The Paralympics are a "once in a lifetime" chance to improve the public's attitudes towards disability, according to a survey by the charity Scope.
They found six out of 10 disabled people believe the sold-out event will change society's attitude toward disability for the better, following an increase of hate crimes against disabled people.
Disability activist and writer of the Diary of a Benefit Scrounger blog Sue Marsh told The Huffington Post UK she hoped it would lead to a "softening of attitudes."
"I think there's been so much negativity about disabled people recently - but for the next two weeks Britain is going to be all about disability and that's a fantastic thing. It will change opinions, and hopefully lead to a softening of attitudes."
The survey comes after charities warned the government's focus on disability benefits had led to an increase of abuse of disabled people in the wake of anti-disabled hate crime reaching a record high.
French company and Paralympic sponsors Atos, who carry out work capability assessments has been criticised by disabled groups.
Disabled People Against Cuts (DPAC) plan to deliver a coffin full of messages from disabled people at the company's headquarters on Wednesday as a protest against Atos' "hypocrisy".
According to The Independent, more than 40 medical practitioners working for the company have been reported to regulators the General Medical Council.
Marsh, who campaigned against the coalition's cuts to disability benefits told The Huffington Post UK: "I do think it's really important to say that a lot of these Paralympians will have had Disability Living Allowance or extra state help.
"Politicians capitalising on Paralympian heroes would really stick in the throat. It would be so annoying if they turned around now and said 'aren't we great.'"
The study also showed that 67% of the general public will watch the Games. The figure was 48% when a similar poll was conducted before the Olympics.
Disabled people and their families said greater visibility was key to improving attitudes.
Three-in-four (76%) believe a greater presence in day-to-day life would make a difference, while 87% claimed more disabled people in the media would have a positive effect on perspectives.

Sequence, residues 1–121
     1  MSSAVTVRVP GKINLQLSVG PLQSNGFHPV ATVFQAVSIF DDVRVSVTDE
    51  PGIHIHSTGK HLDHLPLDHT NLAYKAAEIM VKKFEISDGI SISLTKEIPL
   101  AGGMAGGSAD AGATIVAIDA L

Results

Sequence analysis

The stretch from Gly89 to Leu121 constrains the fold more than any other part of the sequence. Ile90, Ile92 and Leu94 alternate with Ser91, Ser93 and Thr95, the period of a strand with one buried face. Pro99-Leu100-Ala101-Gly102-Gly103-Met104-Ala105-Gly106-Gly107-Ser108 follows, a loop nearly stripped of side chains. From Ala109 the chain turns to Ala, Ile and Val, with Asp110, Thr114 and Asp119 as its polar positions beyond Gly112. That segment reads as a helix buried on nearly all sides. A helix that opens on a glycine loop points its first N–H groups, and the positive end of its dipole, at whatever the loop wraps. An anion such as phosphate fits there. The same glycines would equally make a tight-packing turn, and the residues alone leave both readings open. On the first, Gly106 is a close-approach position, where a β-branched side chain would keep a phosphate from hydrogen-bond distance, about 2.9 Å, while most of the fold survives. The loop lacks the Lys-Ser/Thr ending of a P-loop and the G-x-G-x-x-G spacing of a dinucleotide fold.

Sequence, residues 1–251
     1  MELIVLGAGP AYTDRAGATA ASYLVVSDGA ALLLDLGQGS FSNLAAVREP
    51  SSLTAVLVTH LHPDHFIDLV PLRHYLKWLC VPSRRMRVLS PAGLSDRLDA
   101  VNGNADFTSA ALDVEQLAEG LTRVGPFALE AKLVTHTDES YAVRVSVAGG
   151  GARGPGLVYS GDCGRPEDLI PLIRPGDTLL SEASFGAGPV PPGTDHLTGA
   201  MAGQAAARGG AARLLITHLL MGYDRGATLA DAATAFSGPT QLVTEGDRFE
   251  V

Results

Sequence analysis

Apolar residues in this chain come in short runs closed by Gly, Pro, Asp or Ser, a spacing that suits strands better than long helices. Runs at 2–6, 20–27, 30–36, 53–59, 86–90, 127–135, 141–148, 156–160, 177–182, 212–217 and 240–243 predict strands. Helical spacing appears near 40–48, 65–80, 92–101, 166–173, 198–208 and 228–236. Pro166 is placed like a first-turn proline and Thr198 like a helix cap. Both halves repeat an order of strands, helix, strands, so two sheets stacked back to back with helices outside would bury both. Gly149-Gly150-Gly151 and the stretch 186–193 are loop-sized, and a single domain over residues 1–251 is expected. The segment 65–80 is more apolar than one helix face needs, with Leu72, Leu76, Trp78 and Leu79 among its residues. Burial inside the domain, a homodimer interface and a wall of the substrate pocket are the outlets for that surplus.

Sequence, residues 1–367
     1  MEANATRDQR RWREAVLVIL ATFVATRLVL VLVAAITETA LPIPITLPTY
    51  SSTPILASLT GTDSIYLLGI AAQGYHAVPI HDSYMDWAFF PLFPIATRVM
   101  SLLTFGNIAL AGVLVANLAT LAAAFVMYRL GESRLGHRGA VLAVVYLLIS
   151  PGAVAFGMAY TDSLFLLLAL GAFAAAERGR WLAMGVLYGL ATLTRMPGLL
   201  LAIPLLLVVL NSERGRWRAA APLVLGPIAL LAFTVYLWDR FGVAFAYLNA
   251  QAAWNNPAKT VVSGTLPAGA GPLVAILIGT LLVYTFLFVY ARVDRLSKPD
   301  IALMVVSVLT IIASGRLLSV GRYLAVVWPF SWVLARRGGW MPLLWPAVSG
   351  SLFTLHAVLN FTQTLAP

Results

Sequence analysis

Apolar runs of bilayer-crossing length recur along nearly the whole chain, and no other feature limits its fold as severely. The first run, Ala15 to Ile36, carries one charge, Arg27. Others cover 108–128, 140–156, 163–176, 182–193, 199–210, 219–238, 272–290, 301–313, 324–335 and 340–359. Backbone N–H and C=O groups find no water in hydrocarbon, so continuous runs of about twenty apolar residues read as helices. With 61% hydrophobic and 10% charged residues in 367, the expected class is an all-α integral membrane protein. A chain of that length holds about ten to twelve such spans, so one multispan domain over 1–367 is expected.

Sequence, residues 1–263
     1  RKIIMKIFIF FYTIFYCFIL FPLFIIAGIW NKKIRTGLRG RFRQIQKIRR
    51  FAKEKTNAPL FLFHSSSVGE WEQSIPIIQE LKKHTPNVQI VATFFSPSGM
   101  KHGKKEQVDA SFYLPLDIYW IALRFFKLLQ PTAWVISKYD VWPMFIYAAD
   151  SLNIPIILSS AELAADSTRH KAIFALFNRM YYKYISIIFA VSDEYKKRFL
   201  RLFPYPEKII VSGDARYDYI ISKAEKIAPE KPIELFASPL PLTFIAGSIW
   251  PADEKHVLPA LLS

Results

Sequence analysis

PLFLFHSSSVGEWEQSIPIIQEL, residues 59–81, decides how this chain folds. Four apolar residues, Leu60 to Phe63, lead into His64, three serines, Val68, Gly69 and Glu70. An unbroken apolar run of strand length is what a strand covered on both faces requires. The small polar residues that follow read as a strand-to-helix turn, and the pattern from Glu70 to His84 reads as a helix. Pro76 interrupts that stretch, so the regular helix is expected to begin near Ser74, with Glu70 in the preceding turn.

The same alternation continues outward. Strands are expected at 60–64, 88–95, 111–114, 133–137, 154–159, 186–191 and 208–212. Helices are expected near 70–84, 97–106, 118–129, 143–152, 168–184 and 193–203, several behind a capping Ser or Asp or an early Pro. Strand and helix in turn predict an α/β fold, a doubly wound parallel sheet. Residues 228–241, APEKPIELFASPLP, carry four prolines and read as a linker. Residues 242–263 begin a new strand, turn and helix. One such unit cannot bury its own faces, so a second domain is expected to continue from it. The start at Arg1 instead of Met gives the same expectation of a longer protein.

Richard Hawkes, chief executive of Scope, said: "At a time when disabled people feel public attitudes have got worse, it is clear that they have high expectations for the Games. Disabled people say they can change attitudes for the better.
"But for the Games to have an impact the general public has to engage.
"We were really pleased to discover that more than two-thirds are going to watch the Paralympics. This comes as the Games look set to be the first sell-out Paralympics."
He added: "A step-change in the way society views disability must be the real and lasting legacy of London 2012 for disabled people."
Over 2,000 disabled and non-disabled adults were surveyed for the research.
On Wednesday morning the torch will grace the six host boroughs, visiting landmarks including the Abbey Road crossing made famous by the Beatles, Lord's Cricket Ground and London Zoo.
The Games are on course to be the first Paralympics to sell out, with more than 2.4 million tickets sold already - half a million of those to overseas visitors. Ten thousand tickets will be available each day during the event.
Jeremy Hunt said on Monday: "For many Brits this will be the first time they have seen the Paralympic Games at all. It will be a very big moment to really change perceptions and that will be something to be proud of."Suggest a correction